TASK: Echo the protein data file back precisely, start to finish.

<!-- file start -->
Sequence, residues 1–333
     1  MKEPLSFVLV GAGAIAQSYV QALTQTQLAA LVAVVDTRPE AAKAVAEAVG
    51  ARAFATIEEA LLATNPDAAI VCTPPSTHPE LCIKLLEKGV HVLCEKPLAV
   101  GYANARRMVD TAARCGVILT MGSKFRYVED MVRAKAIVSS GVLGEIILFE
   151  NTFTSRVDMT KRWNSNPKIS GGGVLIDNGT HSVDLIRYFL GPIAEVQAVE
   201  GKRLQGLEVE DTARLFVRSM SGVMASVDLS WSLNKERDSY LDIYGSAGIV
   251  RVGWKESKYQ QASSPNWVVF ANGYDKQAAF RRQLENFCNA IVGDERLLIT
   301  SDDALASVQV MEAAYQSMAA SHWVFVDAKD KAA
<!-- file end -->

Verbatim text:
Sequence, residues 1–333
     1  MKEPLSFVLV GAGAIAQSYV QALTQTQLAA LVAVVDTRPE AAKAVAEAVG
    51  ARAFATIEEA LLATNPDAAI VCTPPSTHPE LCIKLLEKGV HVLCEKPLAV
   101  GYANARRMVD TAARCGVILT MGSKFRYVED MVRAKAIVSS GVLGEIILFE
   151  NTFTSRVDMT KRWNSNPKIS GGGVLIDNGT HSVDLIRYFL GPIAEVQAVE
   201  GKRLQGLEVE DTARLFVRSM SGVMASVDLS WSLNKERDSY LDIYGSAGIV
   251  RVGWKESKYQ QASSPNWVVF ANGYDKQAAF RRQLENFCNA IVGDERLLIT
   301  SDDALASVQV MEAAYQSMAA SHWVFVDAKD KAA